1. Taking on activities such as sports which demand resilience.
2. Taking on challenges that you wouldn’t normally consider. Stepping out of your comfort zone and facing adversity is a fantastic way to show and develop resilience.
3. Treat difficult events and problems with perspective. Reframe challenges with the idea of learning and developing. Meditation is a fantastic way to guide you through this.
- Candidates rated this: 7th/11th
- Employers rated this: 3rd/11th
Making it into 3rd place for employers, excellent problem solving is crucial in the workplace and is highly sought after. Yet problem solving encompasses a huge variety of skills:
1. Observational skills to build awareness of the problem
2. Analytical skills to assess the core issues at hand
3. Innovative and creative thinking to create a new strategy and implement new ideas
4. Communication, team working, leadership and resilience are all needed to see your idea through to the end.
Can you now see why it is so important for employers? Becoming talented at problem solving is the end product to being proficient at a number of different attributes. At work you’ll be making very important decisions throughout your day and will regularly be given hard tasks to work on. How capable you are at problem solving determines how efficiently and quickly you are able to complete tasks to a very high standard. As with resilience, however, it is not just an ability someone has or not – it’s a mind-set and can be grown and developed.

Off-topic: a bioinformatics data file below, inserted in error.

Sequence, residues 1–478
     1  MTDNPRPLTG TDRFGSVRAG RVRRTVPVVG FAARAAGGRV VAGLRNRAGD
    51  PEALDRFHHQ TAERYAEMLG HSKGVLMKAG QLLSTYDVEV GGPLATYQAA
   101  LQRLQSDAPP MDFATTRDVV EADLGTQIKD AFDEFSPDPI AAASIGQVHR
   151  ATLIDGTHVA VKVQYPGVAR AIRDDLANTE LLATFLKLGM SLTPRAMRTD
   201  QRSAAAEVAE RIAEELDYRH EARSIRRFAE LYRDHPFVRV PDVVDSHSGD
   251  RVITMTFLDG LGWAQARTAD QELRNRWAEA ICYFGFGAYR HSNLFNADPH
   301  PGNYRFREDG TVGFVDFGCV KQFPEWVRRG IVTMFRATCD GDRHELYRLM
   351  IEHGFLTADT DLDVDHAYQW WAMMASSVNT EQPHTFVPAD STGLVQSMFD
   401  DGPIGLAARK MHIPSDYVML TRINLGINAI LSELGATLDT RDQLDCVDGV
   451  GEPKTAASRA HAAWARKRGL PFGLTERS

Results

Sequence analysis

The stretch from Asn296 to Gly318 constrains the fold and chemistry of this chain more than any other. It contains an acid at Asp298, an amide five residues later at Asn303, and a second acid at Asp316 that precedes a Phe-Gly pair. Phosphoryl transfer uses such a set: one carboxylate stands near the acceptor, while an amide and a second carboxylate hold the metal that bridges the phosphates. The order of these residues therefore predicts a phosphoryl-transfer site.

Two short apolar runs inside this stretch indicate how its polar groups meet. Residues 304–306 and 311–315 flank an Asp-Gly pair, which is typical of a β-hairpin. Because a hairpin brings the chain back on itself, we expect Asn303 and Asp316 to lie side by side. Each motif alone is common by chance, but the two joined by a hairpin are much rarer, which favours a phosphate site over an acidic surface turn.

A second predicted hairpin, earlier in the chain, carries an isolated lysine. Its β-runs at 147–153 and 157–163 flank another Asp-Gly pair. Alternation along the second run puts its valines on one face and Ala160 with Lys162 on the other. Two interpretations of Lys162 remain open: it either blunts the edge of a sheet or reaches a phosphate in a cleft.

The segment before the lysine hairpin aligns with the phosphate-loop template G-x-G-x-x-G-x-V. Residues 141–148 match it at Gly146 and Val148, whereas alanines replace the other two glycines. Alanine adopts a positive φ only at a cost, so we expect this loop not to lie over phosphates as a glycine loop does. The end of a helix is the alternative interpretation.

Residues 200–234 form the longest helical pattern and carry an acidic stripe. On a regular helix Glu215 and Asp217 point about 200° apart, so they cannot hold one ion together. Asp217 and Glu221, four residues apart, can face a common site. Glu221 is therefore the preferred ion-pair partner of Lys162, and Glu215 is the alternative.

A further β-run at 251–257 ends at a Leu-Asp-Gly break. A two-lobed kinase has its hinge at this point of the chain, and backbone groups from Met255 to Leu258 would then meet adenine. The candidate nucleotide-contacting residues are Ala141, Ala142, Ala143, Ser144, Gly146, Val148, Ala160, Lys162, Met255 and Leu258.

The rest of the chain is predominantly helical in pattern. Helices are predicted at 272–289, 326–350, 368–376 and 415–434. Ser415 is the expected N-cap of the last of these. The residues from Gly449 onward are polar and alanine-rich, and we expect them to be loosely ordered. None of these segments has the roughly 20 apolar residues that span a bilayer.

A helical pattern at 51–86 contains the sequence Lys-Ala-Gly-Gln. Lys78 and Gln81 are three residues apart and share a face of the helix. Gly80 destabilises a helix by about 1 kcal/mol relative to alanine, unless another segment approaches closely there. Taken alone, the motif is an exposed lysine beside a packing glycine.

- Candidate rated this: 3rd/11th
- Employers rated this 1st/11th
Whilst the discrepancy between candidates and employers isn’t large, it is worth pointing out how important passion is. Employers only want to hire candidates who clearly want to work for them. As we have spoken about before, employers are hiring candidates for potential – potential to learn, grow, develop and become a real asset for the company. However, where candidates really become valuable is through a clear desire to work for a company – the rest can be trained. This passion has to be present throughout the application process.
After all, put yourself in employer’s shoes – would you hire someone who isn’t interested in your company?
- A lack of industry related experience shouldn’t stop you applying for graduate roles
- Don’t rely on a 2:1 boosting your application
- Resilience and problem solving are more important for employers than candidates realise.
- Passion is your priority